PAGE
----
National Writing Project

The Family Writing Project: Creating Space for Sustaining Teacher Identity

By: Marilyn McKinney, Rosemary Holmes-Gull, Saralyn Lasley
Publication: National Council of Teachers of English
Date: 2008

Summary: The writers, all with the Southern Nevada Writing Project, argue that family writing projects help develop a writing culture, nurture authentic writing and democratic practice, build relationships between students and teachers, counter teacher burnout, and help develop teacher leadership.

 

Excerpt

In the context of NCLB requirements, many teachers feel they are discouraged from making decisions based on their educational expertise or knowledge of students; rather, they are required to follow predetermined programs, adhere to administrative mandates, and implement simplistic scripts.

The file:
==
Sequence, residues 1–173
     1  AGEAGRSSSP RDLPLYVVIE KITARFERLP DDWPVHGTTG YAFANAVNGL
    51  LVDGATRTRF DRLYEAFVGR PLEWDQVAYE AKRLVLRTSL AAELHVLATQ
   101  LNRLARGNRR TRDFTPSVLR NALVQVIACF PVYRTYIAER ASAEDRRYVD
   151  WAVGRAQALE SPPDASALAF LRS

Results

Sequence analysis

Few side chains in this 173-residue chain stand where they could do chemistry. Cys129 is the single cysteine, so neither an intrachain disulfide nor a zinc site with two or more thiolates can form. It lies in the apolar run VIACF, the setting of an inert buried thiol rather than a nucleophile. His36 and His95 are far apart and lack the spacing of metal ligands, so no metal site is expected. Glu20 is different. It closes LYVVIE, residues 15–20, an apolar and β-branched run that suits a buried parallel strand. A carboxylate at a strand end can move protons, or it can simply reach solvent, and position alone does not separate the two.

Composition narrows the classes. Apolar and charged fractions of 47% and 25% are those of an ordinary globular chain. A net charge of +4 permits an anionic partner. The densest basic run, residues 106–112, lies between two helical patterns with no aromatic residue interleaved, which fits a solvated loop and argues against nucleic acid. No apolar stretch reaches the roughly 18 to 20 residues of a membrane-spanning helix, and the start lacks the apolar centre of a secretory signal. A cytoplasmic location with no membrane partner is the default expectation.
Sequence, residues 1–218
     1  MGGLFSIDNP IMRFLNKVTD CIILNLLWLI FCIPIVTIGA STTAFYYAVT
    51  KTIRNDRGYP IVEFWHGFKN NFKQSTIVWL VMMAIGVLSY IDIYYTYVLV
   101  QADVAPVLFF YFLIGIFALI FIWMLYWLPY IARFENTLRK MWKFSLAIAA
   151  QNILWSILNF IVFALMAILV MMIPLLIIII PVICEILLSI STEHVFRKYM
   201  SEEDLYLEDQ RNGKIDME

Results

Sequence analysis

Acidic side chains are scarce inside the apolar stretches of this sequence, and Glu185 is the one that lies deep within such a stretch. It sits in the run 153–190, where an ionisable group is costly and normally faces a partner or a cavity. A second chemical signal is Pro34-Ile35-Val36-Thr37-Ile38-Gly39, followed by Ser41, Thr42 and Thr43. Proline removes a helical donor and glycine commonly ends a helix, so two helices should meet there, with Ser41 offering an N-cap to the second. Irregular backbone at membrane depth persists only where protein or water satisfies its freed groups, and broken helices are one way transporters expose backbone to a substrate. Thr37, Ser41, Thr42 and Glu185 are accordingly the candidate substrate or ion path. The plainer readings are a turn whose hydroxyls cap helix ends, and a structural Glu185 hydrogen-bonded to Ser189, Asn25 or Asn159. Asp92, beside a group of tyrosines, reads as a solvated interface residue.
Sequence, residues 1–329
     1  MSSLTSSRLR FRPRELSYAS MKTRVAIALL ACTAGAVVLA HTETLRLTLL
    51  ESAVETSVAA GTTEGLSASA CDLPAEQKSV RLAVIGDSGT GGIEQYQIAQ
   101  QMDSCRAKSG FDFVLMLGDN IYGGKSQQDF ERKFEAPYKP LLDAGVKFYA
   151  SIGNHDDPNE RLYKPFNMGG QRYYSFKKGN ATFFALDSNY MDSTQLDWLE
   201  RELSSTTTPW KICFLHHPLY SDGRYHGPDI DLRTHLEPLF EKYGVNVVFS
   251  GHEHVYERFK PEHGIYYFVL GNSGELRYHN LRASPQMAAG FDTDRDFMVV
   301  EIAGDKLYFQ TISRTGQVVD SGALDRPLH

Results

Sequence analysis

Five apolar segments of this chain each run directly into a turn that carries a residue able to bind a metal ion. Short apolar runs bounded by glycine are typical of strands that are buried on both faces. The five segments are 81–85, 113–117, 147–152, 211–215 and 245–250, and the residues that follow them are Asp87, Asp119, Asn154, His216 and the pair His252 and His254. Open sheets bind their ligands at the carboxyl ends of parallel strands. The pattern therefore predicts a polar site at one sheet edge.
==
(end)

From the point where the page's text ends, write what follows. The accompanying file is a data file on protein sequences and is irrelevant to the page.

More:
In contrast to the current climate of distrust and blame, participants of the family writing projects we have studied were afforded opportunities to mingle discourses and knowledges of home, community, and school in a hybrid "outside of the traditional school day" space—they have in effect created a third space. For teachers, the act of drawing on these experiences has affected their practice and helped to generate a sense of efficacy, inspiring confidence and a renewed commitment to the profession.

Copyright © 2008 by the National Council of Teachers of English. Reprinted with permission.
McKinney, Marilyn, Saralyn Lasley, and Rosemary Holmes-Gull. 2008. "The Family Writing Project: Creating Space for Sustaining Teacher Identity." English Journal 97 (5): 52–57.

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